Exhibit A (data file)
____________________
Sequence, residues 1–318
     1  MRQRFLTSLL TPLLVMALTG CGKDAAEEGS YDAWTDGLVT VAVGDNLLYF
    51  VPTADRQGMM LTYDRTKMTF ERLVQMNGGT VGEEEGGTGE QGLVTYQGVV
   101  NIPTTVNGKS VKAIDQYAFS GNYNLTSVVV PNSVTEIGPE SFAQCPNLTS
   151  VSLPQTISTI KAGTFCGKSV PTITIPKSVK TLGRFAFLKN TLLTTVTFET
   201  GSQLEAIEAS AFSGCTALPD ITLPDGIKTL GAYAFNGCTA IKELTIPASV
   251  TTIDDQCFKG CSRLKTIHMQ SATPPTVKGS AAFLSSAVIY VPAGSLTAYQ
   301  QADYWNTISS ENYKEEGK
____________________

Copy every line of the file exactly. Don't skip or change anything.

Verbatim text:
Sequence, residues 1–318
     1  MRQRFLTSLL TPLLVMALTG CGKDAAEEGS YDAWTDGLVT VAVGDNLLYF
    51  VPTADRQGMM LTYDRTKMTF ERLVQMNGGT VGEEEGGTGE QGLVTYQGVV
   101  NIPTTVNGKS VKAIDQYAFS GNYNLTSVVV PNSVTEIGPE SFAQCPNLTS
   151  VSLPQTISTI KAGTFCGKSV PTITIPKSVK TLGRFAFLKN TLLTTVTFET
   201  GSQLEAIEAS AFSGCTALPD ITLPDGIKTL GAYAFNGCTA IKELTIPASV
   251  TTIDDQCFKG CSRLKTIHMQ SATPPTVKGS AAFLSSAVIY VPAGSLTAYQ
   301  QADYWNTISS ENYKEEGK